VIENNA – The decor was correct, but the atmosphere is cool. After more than a five-month hiatus, negotiations to reopen the 2015 nuclear deal with Iran resumed Monday at Palais Coburg, a luxury hotel in Vienna where the original pact was signed with great fanfare, at a more optimistic time.
There is now a more conservative government in Iran and a new group of Iranian negotiators, who said that negotiations should begin with a complete lifting of sanctions, set Western negotiators gloomily.
But since the first round of formal discussions ended on Monday, negotiators also tried to be optimistic.
Enrique Mora of the European Union, who is chairing the talks, said Iran “recognizes the work done in the past six rounds and the fact that we will build on it.” But he said Iran “insists on the immediate lifting of sanctions,” which is likely to be unacceptable to Washington.
Iran is also insisting that the United States and its allies promise never again to impose sanctions on Iran, the country’s chief negotiator, Deputy Foreign Minister Ali Bagheri Kani told reporters after talks.
The Iranian negotiator also said during the meetings that Iran will continue to build up its nuclear program if these requirements are not met, according to a senior European official who asked to remain anonymous.
But as an important step towards the continuation of negotiations, Iran agreed to resume negotiations on Tuesday in one of three working groups set up in previous rounds, on which sanctions will ultimately be lifted by the United States. The other two working groups, on the nuclear issue itself and on the implementation and sequencing of each country’s actions in the event of a new deal, will not resume talks on Tuesday.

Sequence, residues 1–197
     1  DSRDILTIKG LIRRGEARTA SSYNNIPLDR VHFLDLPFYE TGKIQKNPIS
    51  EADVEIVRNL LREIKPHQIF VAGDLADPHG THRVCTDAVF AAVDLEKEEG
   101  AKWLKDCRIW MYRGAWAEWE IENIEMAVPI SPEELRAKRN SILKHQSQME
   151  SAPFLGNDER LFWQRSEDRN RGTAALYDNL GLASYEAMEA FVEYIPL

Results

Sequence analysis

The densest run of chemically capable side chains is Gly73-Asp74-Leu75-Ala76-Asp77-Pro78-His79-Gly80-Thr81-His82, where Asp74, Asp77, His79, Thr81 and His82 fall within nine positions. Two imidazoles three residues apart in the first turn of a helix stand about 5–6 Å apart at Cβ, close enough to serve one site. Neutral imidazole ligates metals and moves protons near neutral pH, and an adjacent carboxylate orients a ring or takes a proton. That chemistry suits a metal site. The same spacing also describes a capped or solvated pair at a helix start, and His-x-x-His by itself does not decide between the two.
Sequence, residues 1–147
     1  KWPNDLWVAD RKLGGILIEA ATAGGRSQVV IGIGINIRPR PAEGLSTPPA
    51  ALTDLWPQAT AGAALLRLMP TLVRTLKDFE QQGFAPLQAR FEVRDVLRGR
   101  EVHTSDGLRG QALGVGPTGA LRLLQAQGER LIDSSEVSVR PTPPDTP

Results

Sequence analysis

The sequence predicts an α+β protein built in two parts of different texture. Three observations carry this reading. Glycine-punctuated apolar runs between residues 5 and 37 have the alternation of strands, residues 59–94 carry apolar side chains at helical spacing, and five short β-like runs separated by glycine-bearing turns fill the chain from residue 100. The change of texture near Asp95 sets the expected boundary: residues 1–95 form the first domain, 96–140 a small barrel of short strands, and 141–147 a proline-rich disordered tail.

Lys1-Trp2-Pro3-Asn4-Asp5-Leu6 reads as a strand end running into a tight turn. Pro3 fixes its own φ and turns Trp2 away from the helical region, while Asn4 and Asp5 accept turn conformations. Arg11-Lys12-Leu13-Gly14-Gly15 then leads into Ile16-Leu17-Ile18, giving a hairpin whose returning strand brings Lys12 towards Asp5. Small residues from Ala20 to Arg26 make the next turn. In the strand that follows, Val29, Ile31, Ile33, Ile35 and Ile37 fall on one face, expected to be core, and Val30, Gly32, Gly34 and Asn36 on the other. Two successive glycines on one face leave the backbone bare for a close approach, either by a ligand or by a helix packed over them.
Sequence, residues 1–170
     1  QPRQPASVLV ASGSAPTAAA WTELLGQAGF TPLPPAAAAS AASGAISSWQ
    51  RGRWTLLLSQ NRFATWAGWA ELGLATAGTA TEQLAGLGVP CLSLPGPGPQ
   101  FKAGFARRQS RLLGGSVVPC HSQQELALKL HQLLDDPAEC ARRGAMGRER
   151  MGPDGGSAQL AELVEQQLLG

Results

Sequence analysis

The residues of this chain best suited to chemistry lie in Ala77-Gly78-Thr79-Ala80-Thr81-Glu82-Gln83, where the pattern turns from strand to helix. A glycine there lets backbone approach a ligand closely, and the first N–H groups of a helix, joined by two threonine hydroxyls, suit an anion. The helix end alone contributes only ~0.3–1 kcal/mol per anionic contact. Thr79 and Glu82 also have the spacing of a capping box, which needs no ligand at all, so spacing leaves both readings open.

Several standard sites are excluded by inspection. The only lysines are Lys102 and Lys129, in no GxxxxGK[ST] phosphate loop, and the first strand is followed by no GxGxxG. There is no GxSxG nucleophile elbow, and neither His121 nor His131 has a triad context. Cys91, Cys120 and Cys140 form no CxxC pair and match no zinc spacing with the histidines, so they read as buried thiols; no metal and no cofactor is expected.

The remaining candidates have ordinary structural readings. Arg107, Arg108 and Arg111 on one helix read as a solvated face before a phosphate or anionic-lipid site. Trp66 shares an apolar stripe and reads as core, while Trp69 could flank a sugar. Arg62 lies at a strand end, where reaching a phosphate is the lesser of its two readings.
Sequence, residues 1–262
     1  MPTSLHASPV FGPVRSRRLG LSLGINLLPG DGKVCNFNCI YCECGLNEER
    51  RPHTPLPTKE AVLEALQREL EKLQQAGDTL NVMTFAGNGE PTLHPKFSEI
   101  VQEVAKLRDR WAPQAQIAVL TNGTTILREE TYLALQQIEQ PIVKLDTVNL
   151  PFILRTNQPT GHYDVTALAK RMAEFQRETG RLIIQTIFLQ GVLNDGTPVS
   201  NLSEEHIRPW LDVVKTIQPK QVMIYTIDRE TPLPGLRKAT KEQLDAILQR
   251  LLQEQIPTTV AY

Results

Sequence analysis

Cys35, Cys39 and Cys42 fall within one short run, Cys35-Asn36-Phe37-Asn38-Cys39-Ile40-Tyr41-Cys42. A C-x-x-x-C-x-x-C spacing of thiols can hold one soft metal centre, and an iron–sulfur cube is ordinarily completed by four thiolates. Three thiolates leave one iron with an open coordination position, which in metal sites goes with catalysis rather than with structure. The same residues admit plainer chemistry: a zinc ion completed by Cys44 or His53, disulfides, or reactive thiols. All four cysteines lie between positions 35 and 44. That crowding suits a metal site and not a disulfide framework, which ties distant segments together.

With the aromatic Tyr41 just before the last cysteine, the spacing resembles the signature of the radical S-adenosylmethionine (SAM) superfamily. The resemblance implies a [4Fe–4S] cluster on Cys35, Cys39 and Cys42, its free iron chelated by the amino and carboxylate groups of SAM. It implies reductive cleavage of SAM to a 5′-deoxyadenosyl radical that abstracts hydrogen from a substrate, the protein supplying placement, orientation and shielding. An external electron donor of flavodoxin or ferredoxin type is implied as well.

Mr Mora said the nuclear energy working group will meet on Wednesday. “There is a sense of urgency” to re-establish the nuclear deal, he said, but “I have no fixed time frame.”
Europeans felt that significant progress had been made in previous negotiations in all three working groups – albeit embarrassing as Iran refuses to speak directly to US envoy Robert Malley and will only do so through existing signatories – France, Britain. , Germany, China, Russia and Mr. Mora.
The Biden administration has said it wants to return to the original nuclear deal with Iran, known as the Joint Comprehensive Plan of Action, which former President Donald Trump abandoned in 2018, calling it “the worst deal in history.”
The new Iranian government seems to believe the same, as Mr. Bagheri Kani repeated in an article in the Financial Times that he believed the very term “nuclear negotiations” itself was “riddled with errors.”
According to him, Iran’s first goal is “to achieve a complete, guaranteed and verifiable lifting of the sanctions imposed on the Iranian people.” The talks, he said earlier this month, are “talks to lift illegal and inhuman sanctions,” the topic also touched on Monday in an Iranian press article by Foreign Minister Hossein Amir Abdollahian.
To underline this emphasis on lifting punitive economic sanctions, Mr Bagheri Kani brought a delegation to Vienna, which included the Deputy Foreign Ministers for Economic and Legal Affairs, the Deputy Governor of the Central Bank and its former Head, the Deputy Minister of Economy and Petroleum and the Economic Advisor. Vice President of Iran.
After several days of informal discussions, during which the main discussions took place, the full plenary session began more than an hour later than scheduled when Mr. Bagheri Kani finally entered the room. He spoke only about the fact that all sanctions should be lifted by the “aggressor”, the United States, and paid tribute to the “martyrdom” of Iranian scientists who died as a result of clandestine attacks, mainly from Israel.